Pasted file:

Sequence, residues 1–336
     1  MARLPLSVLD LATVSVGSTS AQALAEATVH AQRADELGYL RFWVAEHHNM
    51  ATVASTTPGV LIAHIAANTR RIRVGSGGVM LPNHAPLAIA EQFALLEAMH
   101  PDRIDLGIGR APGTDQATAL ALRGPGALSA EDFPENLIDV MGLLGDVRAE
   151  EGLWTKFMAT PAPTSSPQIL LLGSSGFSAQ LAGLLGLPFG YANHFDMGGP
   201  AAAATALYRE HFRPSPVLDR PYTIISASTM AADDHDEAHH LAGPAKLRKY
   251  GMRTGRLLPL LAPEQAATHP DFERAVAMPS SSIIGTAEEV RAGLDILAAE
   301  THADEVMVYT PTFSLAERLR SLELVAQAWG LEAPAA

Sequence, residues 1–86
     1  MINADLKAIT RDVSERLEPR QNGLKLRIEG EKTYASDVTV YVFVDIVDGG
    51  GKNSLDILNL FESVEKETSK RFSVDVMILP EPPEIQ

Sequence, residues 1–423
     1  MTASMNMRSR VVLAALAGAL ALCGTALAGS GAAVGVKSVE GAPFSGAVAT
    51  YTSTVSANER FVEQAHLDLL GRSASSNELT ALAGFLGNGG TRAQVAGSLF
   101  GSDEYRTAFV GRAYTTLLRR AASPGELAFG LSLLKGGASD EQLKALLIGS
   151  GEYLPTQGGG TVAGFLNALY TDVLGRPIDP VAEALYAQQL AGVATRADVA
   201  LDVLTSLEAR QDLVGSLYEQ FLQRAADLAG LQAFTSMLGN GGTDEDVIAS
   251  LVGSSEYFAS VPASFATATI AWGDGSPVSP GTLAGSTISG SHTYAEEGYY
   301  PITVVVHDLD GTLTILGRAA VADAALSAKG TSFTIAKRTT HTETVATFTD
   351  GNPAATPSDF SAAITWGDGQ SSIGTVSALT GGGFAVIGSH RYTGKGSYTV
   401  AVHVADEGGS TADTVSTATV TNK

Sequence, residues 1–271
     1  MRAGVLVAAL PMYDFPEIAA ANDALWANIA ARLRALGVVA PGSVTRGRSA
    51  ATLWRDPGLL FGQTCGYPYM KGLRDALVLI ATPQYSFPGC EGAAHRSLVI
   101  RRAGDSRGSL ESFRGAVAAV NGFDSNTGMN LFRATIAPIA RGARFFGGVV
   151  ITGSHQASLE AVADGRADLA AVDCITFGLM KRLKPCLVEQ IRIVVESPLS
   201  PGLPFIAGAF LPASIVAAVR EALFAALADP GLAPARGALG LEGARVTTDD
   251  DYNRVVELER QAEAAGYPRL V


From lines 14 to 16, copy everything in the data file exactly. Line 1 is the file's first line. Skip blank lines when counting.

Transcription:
    51  YTSTVSANER FVEQAHLDLL GRSASSNELT ALAGFLGNGG TRAQVAGSLF
   101  GSDEYRTAFV GRAYTTLLRR AASPGELAFG LSLLKGGASD EQLKALLIGS
   151  GEYLPTQGGG TVAGFLNALY TDVLGRPIDP VAEALYAQQL AGVATRADVA